The FCC is set to vote on whether or not to repeal network Neutrality under the deceptive guise of “Restoring Internet Freedom” on December 14th. Like others who study broadband and telecommunications policy, we’re distressed by the possibilities for the Internet and its users, should the Commission decide to repeal these protections. Because we use the Internet for so much in our daily lives, reversing network neutrality will give big ISPs like Comcast and Verizon undue power over what information we receive, our online business, and the result may negatively impact innovation.
We’ve gathered together some of our earlier posts on network neutrality to help explain why the policy is so important. In this collection, we’ve included some of our own writings as well as media that we consider paramount to understanding why we need to preserve network neutrality.
The Basics At 80 MPH (Video):
An old but a goody. In this video, Professor Tim Wu explains network neutrality, including paid prioritization. The video is from 2016.
The Big ISP Perspective (Video):
Many of us consider a free an open Internet a necessity to foster innovation and investment, but the words from the lips of the big ISPs are changing, depending on whom they’re talking to. This video reveals what they tell the government about network neutrality versus what they tell investors.
The Small ISP Perspective (Audio):
Like other small ISPs and municipal networks that offer services to the public, Sonic takes the opposite view of Comcast, Verizon, and other big corporate incumbents – they believe network neutrality is important and should be preserved. Dane Jasper, Sonic’s CEO and Co-Founder explains why innovation needs network neutrality in episode 261 of the Community Broadband Bits podcast.
Artists Appreciate The Freedom of Network Neutrality (Video):
Cinematic icon Francis Ford Coppola reached out to the FCC to express the need for artistic innovation, which will disappear without a free and open platform in his open letter to the FCC.
Rural Impact (Audio):
The FCC claims that it’s looking for ways to improve connectivity in rural America, but people who live there and who study broadband policy in rural communities describe how repealing network neutrality will put these communities at an even bigger disadvantage.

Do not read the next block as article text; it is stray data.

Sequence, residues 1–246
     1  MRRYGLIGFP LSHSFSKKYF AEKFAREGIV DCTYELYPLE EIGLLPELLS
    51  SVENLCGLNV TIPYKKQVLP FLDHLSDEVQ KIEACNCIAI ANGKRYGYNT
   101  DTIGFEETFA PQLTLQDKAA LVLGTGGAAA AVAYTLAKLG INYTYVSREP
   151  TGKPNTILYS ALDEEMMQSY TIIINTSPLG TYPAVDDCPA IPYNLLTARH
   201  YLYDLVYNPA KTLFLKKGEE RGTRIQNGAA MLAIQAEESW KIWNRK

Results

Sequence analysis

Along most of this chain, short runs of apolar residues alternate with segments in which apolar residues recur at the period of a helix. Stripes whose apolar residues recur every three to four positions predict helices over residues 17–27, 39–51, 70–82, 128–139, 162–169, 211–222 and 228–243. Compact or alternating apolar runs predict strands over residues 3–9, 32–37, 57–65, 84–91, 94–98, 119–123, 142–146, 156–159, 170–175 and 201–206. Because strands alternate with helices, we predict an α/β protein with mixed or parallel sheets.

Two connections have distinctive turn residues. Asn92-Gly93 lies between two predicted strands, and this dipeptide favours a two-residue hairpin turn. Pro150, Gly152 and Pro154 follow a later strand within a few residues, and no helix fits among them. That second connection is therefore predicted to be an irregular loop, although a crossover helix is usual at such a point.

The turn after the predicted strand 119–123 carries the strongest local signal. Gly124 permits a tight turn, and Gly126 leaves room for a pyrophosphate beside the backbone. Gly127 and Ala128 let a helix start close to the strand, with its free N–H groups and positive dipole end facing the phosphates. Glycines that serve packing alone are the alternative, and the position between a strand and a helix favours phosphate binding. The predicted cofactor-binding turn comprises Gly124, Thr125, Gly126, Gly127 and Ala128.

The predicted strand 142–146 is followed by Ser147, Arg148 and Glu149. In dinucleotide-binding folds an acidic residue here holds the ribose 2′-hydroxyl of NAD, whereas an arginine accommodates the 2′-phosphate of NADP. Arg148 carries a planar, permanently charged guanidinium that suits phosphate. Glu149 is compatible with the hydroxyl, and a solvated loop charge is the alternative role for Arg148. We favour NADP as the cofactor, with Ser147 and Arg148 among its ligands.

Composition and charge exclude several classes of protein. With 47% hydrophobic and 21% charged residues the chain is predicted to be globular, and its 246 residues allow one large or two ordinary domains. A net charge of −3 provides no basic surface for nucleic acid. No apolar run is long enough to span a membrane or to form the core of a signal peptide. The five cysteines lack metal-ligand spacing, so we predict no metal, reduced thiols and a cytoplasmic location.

Economists Look At Government Agency (Audio):
Marshall Steinbaum, Senior Economist and Fellow at the Roosevelt Institute, argues that the FTC, which may be tasked with complaints against ISPs once network neutrality is dismantled, does not have the adequate systems in place to contend with complaints from upstream content providers who feel they are being discriminated against by ISPs. Check out episode 258 of the Community Broadband Bits podcast.
Our Comments To The FCC:
Lastly, we’ve included our comments to the FCC on Docket 17-108, Restoring Internet Freedom. The Commission asked the public to comment on network neutrality and there are have been almost 23 million comments filed, the majority of them in support of network neutrality. In our comments, we discuss how the Internet is about moving data and how, as a nonprofit, the ability to access information from across the world is critical to our mission. We are dependent on affordable access and rescinding network neutrality protections threatens our ability to obtain and share information with others without paying an extra fee. We also note that our research doesn’t support the old argument that paid prioritization will fuel innovation. Read the details in our comments to the FCC on network neutrality.
For more MuniNetworks.org stories that involve similar coverage, check out our network neutrality tag.
Comments from the Institute for Local Self-Reliance In re The Matter of Restoring Internet Freedom
This article was originally published on ILSR’s MuniNetworks.org. Read the original here.